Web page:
Thursday, February 14, 2008

The Run Away Project of Doom

The first step to taking control of a run-away project is to evaluate your goals. What are the stated goals of the project? Now you need to figure out why these goals are not being met. Is it caused by poor planning? Poor performance? Inadequate resources? What?

Poor planning means you are in a world of misery. If you are just woefully unprepared for the job then you need to get to work and design a plan that will get the job done. The US Army teaches the 5 P's: Proper Planning and Preparation Prevents Problems. Get a plan together ASAP and get to work. Once you have your deployment plan you have to reset everything and start fresh. Good luck, but chances are you will catch endless flak for this error.

If you are plagued by poor performance from your team or suppliers then you need to look into replacing them. With the current job market in most parts of the world you can make very valid threats about firings. You don't need to be a bully but some people just don't fit into every work environment. Don't let personal relationships hinder you in this process either. I have had to fire some of my closest friends because of poor job performance. Needless to say, we aren't friends anymore, but I blame them for that.

Whatever you do, don't be too quick to blame resources! In many cases you are asked to perform the impossible and are only offered limited tools. It happens. But this is when you need to get creative! If MacGyver could escape from anything with a paperclip then you should be able to develop an escape plan for your current predicament. First, you need to know what why you are implementing this project. What purpose does it serve? Who are you trying to please? What goals are there for this new system? Once you have that data, you need to narrow your focus to the absolute core requirements and ignore the "pie in the sky" features/requests that always seem to get included in every project. Once you know the real purpose you can start getting creative.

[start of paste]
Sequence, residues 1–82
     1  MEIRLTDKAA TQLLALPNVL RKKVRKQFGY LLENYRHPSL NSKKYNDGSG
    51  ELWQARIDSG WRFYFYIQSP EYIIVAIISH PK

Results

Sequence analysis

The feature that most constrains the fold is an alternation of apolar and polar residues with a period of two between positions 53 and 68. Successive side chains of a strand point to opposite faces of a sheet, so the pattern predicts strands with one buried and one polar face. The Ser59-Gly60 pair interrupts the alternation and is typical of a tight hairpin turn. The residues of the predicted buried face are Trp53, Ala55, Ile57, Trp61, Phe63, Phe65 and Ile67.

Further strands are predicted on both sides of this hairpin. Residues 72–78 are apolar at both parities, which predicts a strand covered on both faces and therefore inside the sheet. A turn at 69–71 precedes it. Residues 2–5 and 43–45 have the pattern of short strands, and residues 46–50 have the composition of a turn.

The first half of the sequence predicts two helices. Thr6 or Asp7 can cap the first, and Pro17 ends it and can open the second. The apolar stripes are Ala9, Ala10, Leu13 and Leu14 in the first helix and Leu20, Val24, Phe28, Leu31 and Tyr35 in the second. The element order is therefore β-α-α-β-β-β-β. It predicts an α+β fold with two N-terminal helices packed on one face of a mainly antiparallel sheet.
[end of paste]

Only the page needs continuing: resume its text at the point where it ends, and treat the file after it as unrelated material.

For example, one of our clients needed a computer server at a remote warehouse facility. We were told explicitly that we could not spend any money at all. We examined the real functions that the server would perform and we divided them into core requirements and requested capabilities. Then we narrowed down the core requirements into basic functionality statements. So, for example, the server needed to capture data from the shipping terminals which translates into the functionality statement: "retrieve and store data." Once we burrowed down to the real functional requirements, we realized all we needed was something that could store files for a short time then transmit them somewhere else. So, we simply configured an external hard drive to run Linux, connected it to the network and created our very own $150 micro-server. We solved the problem by focusing on the heart of the requirements and ignored all the ancilliary functions that our client could live without.

Is this the ideal way to work? No. But that doesn't mean that it won't work. Just get your team together and have a serious discussion to identify the real core requirements of the project. Then focus on getting those requirements implemented in a logical sequence. Additional features and gizmos can be added in later on, as needed.

No one ever wants to hear about why you failed. Don't waste time on useless behavior, such as assigning blame. Instead spend your energy and resources on solving the problem. Then no one gets blamed.

R-Squared Computing - Business Technology Experts

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